Unborn babies at risk from lack of folic acid
Obstetrics & Gynaecology
A University of Adelaide study has found that most pregnant women are failing to take adequate folic acid supplements, leaving their unborn child at risk of brain abnormalities and spinal cord defects such as spina bifida.
Researchers from the University's Discipline of Obstetrics & Gynaecology at the Women's and Children's Hospital say folic acid is a key factor in reducing the incidence of defects, which affect around 1-2 pregnancies per 1000.
The study, published in The Australian and New Zealand Journal of Obstetrics and Gynaecology, shows that only 30% of pregnant women adequately supplement their diet with folic acid. Also, most do not know the recommended correct daily dose - 400 micrograms from one month before conception and the first three months of early pregnancy.
Professor Alastair MacLennan, Head of the Discipline of Obstetrics & Gynaecology, said some supplement brands do not contain the recommended dose in one tablet.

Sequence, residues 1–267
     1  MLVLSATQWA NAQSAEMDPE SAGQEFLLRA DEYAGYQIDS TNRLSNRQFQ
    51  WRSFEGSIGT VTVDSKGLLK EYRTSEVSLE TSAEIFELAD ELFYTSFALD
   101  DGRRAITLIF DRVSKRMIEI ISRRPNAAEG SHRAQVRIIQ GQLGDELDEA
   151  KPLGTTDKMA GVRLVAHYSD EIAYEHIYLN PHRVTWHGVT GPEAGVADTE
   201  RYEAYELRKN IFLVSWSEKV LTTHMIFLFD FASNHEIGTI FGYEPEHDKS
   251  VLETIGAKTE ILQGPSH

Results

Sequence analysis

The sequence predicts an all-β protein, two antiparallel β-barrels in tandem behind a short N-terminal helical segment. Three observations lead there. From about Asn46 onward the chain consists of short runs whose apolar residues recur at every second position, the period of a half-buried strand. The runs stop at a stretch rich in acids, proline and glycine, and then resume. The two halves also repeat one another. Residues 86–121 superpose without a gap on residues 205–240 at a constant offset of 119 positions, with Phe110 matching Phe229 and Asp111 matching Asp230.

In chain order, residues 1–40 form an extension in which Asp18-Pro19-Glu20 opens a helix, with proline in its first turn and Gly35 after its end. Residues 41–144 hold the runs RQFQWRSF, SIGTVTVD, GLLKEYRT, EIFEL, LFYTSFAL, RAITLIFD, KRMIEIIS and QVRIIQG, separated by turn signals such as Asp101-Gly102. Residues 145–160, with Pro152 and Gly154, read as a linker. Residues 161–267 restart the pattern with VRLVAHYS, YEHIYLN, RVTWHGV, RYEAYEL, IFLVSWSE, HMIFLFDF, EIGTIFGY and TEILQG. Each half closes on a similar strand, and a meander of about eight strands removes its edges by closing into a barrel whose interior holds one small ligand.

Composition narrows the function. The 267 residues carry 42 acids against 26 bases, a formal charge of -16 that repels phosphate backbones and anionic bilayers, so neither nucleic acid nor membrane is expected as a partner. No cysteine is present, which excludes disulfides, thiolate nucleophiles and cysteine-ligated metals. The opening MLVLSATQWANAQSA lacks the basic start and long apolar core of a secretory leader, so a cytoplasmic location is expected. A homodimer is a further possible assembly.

"Women need to be aware that they may not be adequately protecting their baby from the risk of neural tube defects," Professor MacLennan said.
The neural tube is the embryonic structure that develops into the brain and spinal cord. Very early in a baby's development, a layer of cells folds over and "zips up" to form the neural tube. If the cells fail to form a tube at some point, the baby will be affected with brain and/or spinal abnormalities called a neural tube defect.
Co-researcher Melissa Conlin, a Faculty of Science Honours student, said Australia needs to follow the lead of other countries that have mandatory folic acid additives in certain foods such as flour.
"There is considerable room for improvement in the current policy of supplementation in Australia, with variable trends across the States in the rate of neural tube defects," she said. "Since pregnancies are often unplanned, to rely solely on supplementation is an ineffective health policy.
"To achieve the best outcome, this study recommends both policies are adopted - folic acid additions in foods such as bread, along with a daily capsule or tablet supplement for women who could become pregnant."
Professor MacLennan said both health policies were required to minimise the chances of major birth defects.
Ms Jessica Broadbent from Obstetrics & Gynaecology was also involved in the study.
Story by Candy Gibson